Special thanks this week to Gabriel Simão for creating the new bumper music used this week...check out his Facebook page: https://www.facebook.com/gabrielsimaomusic/
American evangelist Billy Sunday took a very unconventional route to the ministry, leaving behind a successful baseball career for the cloth, so the speak. A conservative Christian who eschewed drinking and carousing, Sunday was an influential preacher who helped bring about Prohibition. Yet, he wasn't always on the straight and narrow, as he his time as a ballplayer was marked with the excesses of the day. Sunday left all that behind, including a high-paying baseball contract, to enter the ministry. His career as a preacher was marked with incredible highs before he seemingly faded into obscurity, losing much of his family in the process.
Neil Young, scholar, author, and co-host of history podcast "Past Present," joins us to take us through Sunday's life, discussing his impact on American culture in the early 20th Century. Don't miss out on this entertaining story, and make sure you check out Young's podcast as well!
Nelson Mandela is one of the most well-respected figures in history. Recognized as a major driving force behind the end of apartheid in South Africa, Mandela also helped unite what was a hugely divided nation. For this week's episode, we speak with respected journalist John Carlin, who was in South Africa from 1989, the year before Mandela was released from prison after 27 years, until 1995, the year after he was elected South Africa's first black President. We walk through Mandela's life, highlighting important milestones. Included in this is a discussion on Mandela's involvement with the South African national rugby team, an event that would become the basis for the Morgan Freeman-Matt Damon movie, "Invictus." Carlin wrote the book the movie was based on.
Carlin sheds insight on the life of Nelson Mandela that many may not be aware of. It's a journey through the life of an important historical force.
It's part two of our discussion with C3 Entertainment's Eric Lamond, the grandson of Three Stooges legend Larry Fine! On this week's episode, we talk about the Stooges' relationship with notorious Columbia Pictures studio head Harry Cohn, as well as "You Nazty Spy," the very first Hollywood satire film to take on Adolf Hitler. Lamond talks about how proud of the film the Stooges were. We also discuss Larry's home life, his gambling habits, and his final years.
Rumors are confirmed, myths are busted, personal details are shared...Stooges and classic cinema fans won't want to miss this historic look into the life of Larry Fine!
Was Larry Fine a major factor in the long-term success of the Three Stooges? Soitenly! Larry is often overlooked, as he was not spotlighted often in Stooges films. That usually fell to Curly, Shemp, Curly Joe, and even Moe. But Larry didn't need the spotlight to shine. He was "the great reactor," as he has been called, and the Stooges wouldn't have been the Stooges without him.
On this week's episode, we talk with Larry's grandson, Eric Lamond, who is part of C3 Entertainment, which manages the Stooges brand. In this first episode of a two-part series, we talk about Larry's formative years, including how an acid burn drove him into violin-playing and boxing. We also talk about the night Shemp died (Larry was present), as well as the business behind the Stooges. So, download, watch out for slaps and eye-pokes, and be entertained!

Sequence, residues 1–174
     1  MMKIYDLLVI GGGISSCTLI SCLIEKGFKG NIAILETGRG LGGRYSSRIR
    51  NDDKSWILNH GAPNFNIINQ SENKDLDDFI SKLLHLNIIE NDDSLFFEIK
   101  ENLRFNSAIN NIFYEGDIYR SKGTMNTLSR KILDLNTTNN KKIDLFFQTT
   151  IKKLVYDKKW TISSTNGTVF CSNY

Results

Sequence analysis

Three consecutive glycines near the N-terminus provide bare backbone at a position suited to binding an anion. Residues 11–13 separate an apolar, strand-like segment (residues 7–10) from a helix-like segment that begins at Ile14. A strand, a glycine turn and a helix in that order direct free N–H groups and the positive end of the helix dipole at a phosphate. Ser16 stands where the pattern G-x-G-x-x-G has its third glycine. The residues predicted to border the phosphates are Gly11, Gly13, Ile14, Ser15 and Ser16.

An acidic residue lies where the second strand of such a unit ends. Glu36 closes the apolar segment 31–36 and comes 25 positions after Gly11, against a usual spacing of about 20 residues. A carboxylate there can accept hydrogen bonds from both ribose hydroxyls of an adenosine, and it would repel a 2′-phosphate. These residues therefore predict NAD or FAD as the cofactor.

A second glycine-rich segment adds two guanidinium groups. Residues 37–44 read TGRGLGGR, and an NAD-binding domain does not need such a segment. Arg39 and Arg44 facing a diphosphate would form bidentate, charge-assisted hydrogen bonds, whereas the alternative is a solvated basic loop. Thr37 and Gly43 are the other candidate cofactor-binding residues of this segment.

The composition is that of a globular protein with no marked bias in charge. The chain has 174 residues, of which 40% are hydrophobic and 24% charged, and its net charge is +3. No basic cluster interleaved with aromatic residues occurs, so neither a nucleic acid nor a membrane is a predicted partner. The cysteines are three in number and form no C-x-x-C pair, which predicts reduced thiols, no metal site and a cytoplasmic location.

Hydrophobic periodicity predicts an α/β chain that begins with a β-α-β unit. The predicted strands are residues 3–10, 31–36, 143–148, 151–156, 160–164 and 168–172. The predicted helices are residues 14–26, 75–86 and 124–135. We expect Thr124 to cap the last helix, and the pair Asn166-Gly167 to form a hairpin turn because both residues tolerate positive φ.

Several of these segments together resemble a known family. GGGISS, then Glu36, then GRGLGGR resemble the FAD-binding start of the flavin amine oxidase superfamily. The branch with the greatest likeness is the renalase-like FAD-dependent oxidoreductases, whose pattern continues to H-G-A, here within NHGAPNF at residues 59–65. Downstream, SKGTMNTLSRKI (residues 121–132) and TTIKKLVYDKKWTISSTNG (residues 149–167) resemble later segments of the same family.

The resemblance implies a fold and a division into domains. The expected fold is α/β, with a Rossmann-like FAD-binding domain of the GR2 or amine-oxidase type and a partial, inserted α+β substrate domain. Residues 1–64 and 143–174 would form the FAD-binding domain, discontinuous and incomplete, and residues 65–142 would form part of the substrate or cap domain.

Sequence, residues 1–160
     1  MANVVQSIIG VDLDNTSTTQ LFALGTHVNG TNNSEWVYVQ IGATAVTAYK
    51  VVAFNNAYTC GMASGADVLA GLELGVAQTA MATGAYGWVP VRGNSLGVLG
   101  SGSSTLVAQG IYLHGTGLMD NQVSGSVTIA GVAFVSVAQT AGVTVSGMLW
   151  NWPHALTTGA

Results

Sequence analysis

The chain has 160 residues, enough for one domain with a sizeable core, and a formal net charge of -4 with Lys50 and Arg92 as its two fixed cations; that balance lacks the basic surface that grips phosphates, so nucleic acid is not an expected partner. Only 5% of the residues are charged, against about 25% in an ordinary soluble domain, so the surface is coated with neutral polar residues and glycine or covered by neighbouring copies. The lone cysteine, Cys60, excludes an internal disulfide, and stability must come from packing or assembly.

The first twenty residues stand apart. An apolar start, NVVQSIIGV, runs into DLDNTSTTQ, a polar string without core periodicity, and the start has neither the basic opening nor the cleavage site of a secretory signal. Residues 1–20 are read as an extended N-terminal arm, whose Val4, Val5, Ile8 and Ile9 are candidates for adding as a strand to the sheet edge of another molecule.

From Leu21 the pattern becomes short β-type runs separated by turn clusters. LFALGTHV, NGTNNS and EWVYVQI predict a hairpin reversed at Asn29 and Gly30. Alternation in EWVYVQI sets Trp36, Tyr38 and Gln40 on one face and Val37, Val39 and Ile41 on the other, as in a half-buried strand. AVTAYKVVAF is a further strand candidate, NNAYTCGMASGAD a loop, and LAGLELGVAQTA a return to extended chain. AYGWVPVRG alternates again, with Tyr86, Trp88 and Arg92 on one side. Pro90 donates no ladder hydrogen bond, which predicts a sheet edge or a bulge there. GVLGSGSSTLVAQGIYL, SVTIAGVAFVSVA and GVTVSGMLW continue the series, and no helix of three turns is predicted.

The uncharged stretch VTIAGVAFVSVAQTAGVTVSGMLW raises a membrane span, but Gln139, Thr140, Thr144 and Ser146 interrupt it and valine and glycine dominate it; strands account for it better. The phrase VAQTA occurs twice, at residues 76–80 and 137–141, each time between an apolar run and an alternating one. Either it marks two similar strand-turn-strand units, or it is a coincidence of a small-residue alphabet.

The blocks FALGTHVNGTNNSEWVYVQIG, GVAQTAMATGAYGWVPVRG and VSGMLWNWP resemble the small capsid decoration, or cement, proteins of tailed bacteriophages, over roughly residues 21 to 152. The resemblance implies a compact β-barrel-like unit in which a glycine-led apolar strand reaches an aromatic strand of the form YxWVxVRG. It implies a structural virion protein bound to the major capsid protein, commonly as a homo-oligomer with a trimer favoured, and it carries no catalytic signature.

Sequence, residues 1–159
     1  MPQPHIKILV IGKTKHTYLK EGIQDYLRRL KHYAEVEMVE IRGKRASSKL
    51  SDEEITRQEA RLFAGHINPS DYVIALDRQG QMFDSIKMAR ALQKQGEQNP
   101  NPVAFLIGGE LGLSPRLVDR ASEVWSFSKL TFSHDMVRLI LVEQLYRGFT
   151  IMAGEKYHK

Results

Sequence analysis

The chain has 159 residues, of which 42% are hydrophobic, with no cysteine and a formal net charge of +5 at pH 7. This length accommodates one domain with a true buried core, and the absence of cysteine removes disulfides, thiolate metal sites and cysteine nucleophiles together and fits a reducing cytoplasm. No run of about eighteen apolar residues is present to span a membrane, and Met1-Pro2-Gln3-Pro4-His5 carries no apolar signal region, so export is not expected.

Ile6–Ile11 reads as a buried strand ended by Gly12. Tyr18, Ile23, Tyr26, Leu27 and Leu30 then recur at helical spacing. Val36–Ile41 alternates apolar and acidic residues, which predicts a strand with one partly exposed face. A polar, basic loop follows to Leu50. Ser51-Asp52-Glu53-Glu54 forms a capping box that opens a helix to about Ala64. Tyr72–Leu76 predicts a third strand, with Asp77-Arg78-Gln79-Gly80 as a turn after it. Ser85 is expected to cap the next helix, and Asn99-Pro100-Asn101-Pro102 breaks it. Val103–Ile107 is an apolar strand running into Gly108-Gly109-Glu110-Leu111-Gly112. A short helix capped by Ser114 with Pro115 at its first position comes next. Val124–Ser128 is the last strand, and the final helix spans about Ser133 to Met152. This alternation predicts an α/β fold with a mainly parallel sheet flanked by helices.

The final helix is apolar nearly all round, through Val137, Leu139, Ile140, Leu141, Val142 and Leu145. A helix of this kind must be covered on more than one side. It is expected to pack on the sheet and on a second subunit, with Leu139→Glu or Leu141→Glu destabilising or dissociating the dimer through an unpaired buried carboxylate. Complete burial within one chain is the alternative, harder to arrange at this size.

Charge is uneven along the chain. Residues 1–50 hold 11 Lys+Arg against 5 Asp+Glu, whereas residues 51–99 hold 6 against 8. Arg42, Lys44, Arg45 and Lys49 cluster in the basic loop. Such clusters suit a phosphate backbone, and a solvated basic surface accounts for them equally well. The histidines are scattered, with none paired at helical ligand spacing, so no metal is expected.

Respected author and Los Angeles Times reporter Del Quentin Wilber has always had a nose for #truecrime stories and the history behind them. He wrote "Rawhide Down," which many view as the definitive account on the Ronald #Reagan assassination attempt. Now, he's written "A Good Month for Murder: The Inside Story of a Homicide Squad." As research for the book, Wilber spent months embedded with a Prince George County homicide squad, where he got to know a motley crew of detectives with quirks as interesting as the cases they sought to solve. He saw murder victims, took calls in the detective bureau, participated investigations, and, most of all, learned. Come along for the ride as Del discusses his experiences, and what he learned about how murder investigation has evolved through the history of the last 20-30 years.
Warning: This episode contains content that may be objectionable. Listener discretion is advised.
On this very special bonus episode, I chat with Adrian Miller, AKA the "Soul Food Scholar" about the history of soul food. Specifically, we dig into the history of how fried chicken became a staple of the soul food diet. We also learn some surprising facts, such as the fact that there is such a thing as vegan soul food. What?!?!
You'll laugh, you'll cry, you'll get hungry...bon appetit!
#LexLuger was part of some of the biggest moments in professional #wrestling #history. From winning multiple world titles, to jumping from #WCW to the #WWF and back to WCW, to debuting on the very first episode of "Monday Nitro," Luger has seen and done it all in the #prowrestling industry. We discuss his transition from pro football to pro wrestling, his time with the #FourHorsemen, leaving WCW for the WWF, whether or not he was supposed to be the next #HulkHogan, and why he went back to WCW for less money. We also discuss the changes in his life over the last ten years, and what he's up to today.
Hear Lex's thoughts on being a Horseman, #EricBischoff and #RicFlair, working for the WWF with no contract and the circumstances around his departure, beating #Goldberg, and so much more. Enjoy!